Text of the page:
Socialist Eleanor Marx, daughter of Karl Marx and a close friend of sexologist Havelock Ellis, wrote and spoke frequently to large crowds on women’s liberation and the rights of homosexuals [36]. In Germany, Social Democratic Party (SPD) member Magnus Hirschfeld started the first gay organization, the Scientific-Humanitarian Committee, in 1897. Hirschfeld, with the support of the SPD, campaigned to repeal a law against men having consensual sex [37]. During the failed German Revolution of 1918 to 1923, dozens of gay organizations and periodicals appeared calling for the liberation of homosexuals [38]. Following the Russian Revolution of 1917, when all laws against gay people were struck from the books, the German Communist Party argued: “The class-conscious proletariat…approaches the question of sex life and also the problem of homosexuality with a lack of prejudice.…the proletariat…demands the same freedom from restrictions for those forms of sex life as for intercourse between the sexes” [39]. Communist Parties have historically argued in favor of the rights of queer individuals.

In fact, the first politician to speak on record for the rights of queer people anywhere in the world was August Bebel, the leader of the German Social Democratic Party (SPD). He addressed the German parliament on this matter on January 13, 1888 [40]. Although many socialists would break with this party fifteen years later at the outbreak of World War One, there is no denying the political significance of the world’s largest socialist party taking an openly pro-gay line. Not only did leading SPD members such as Karl Kautsky and finance minister Rudolf Hilferding sign a petition demanding the repeal of the German anti-sodomy law in 1875, they encouraged thousands more to add their signatures as well [41].  Even earlier, the prominent socialist journal Die Neue Zeit defended the British writer Oscar Wilde in the aforementioned trial. Bourgeois attacks on homosexuality as “unnatural,” wrote socialist Eduard Bernstein, were “reactionary” since “moral attitudes are historical phenomena” [42]. The question of gay oppression as a class issue has been raised by the socialist movement for well over one hundred years.

Despite the tireless activism of Marxists (and anarchists such as Emma Goldman), life for most queer people was filled with self-hatred and public condemnation. Few had the luxury of coming out for fear of losing jobs or the risk of social ostracism. Pervasive legal and religious hostility and social restrictions sent many to doctors seeking a “cure” or to alcohol and drugs seeking release from emotional strain and internalized self-loathing [43].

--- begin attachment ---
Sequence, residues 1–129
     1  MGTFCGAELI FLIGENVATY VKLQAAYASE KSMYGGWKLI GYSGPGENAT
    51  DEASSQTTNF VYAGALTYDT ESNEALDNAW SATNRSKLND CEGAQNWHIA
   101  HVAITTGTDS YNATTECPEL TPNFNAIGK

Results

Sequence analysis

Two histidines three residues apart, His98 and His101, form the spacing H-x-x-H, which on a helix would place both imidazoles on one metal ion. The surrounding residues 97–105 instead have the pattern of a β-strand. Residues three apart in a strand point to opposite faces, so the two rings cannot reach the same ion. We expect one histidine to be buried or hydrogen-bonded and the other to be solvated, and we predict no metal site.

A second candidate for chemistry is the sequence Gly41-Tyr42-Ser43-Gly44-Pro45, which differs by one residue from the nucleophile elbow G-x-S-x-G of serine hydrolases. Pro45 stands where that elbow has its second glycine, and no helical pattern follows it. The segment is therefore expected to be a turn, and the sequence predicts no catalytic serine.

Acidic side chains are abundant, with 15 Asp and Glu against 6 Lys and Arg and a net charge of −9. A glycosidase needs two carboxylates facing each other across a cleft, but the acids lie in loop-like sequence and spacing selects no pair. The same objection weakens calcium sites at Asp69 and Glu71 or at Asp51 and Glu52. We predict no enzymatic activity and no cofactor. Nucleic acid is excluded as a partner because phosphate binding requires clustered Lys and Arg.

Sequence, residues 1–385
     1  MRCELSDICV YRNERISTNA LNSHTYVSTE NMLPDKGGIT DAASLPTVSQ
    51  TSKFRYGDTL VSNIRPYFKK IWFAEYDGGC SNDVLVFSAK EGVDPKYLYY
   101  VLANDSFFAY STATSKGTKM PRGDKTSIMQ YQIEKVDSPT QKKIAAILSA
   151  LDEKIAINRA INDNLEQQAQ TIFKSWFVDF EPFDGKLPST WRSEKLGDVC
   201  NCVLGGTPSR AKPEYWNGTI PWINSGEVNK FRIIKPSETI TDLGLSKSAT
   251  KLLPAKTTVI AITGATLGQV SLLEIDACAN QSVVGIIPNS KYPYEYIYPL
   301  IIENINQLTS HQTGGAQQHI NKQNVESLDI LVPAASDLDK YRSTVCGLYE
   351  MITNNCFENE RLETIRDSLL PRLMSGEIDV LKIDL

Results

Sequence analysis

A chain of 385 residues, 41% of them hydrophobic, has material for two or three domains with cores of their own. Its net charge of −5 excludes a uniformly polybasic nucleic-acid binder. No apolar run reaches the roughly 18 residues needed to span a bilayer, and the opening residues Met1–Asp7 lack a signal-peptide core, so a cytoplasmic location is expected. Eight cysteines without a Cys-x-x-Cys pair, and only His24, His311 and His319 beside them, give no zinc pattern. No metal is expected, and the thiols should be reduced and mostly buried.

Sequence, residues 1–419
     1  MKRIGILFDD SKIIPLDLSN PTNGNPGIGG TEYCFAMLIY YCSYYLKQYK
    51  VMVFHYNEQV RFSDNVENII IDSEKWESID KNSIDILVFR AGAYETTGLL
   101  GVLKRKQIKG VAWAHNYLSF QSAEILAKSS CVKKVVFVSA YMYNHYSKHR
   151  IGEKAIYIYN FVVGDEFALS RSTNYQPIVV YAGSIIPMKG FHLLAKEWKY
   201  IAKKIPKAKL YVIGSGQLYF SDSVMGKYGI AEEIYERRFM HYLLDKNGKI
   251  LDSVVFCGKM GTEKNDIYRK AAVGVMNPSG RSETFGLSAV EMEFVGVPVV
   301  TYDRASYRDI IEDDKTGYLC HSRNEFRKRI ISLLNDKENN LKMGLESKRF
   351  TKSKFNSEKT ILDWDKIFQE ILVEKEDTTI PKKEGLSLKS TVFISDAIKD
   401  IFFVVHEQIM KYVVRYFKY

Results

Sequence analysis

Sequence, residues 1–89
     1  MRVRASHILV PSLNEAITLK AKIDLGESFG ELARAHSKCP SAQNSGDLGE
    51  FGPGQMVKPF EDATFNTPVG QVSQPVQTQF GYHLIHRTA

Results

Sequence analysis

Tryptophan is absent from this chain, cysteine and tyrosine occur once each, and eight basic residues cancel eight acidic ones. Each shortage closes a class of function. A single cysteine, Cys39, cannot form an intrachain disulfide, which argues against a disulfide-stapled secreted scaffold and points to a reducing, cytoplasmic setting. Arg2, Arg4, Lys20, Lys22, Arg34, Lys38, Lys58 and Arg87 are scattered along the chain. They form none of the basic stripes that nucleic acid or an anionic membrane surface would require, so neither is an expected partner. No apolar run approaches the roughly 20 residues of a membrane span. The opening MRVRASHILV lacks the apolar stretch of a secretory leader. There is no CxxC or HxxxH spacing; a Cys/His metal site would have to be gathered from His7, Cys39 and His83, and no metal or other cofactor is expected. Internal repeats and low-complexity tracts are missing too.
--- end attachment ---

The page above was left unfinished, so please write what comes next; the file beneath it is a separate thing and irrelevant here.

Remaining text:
Ironically, the notion that homosexuality is entirely biologically determined has taken hold among some modern gay people and lesbians. Since the late twentieth century, this thoroughly ahistorical and unscientific view about homosexuality has been embraced by many gay people who claim to have been “born gay.” As an oppressed minority seeking a way to fight discrimination, some gay people have used this defense to argue that, since they cannot change their nature, society must stop persecuting them for something they have no control over. Many, who cannot remember ever having been sexually attracted to a member of the other sex, are simply arguing what seems to correspond to their erotic “natures” [44].

In a certain sense, this adoption of biological essentialism by the queer community is understandable. It is a defense mechanism against bigotry. Any resistance to oppression, even if it is misguided, should be supported. However, there is a more sinister reason underpinning the widespread adoption of this view. In the first place, it does not actually challenge the dominant heteronormative society. The biological essentialists are playing by the straight’s rules. They are arguing that the oppression of queer people is wrong because queer people cannot control their sexualities, rather than because oppression of any kind is wrong. The reality is this: whether or not sexuality is a choice is irrelevant. We should fight for a world in which all people have control over their bodies and their lives. What people choose to do with their own bodies is their business, regardless of whether or not their urges are biological in nature. The queer rights movement must be about the empowerment of the oppressed for its own sake. Buying into biological essentialism only hinders our cause.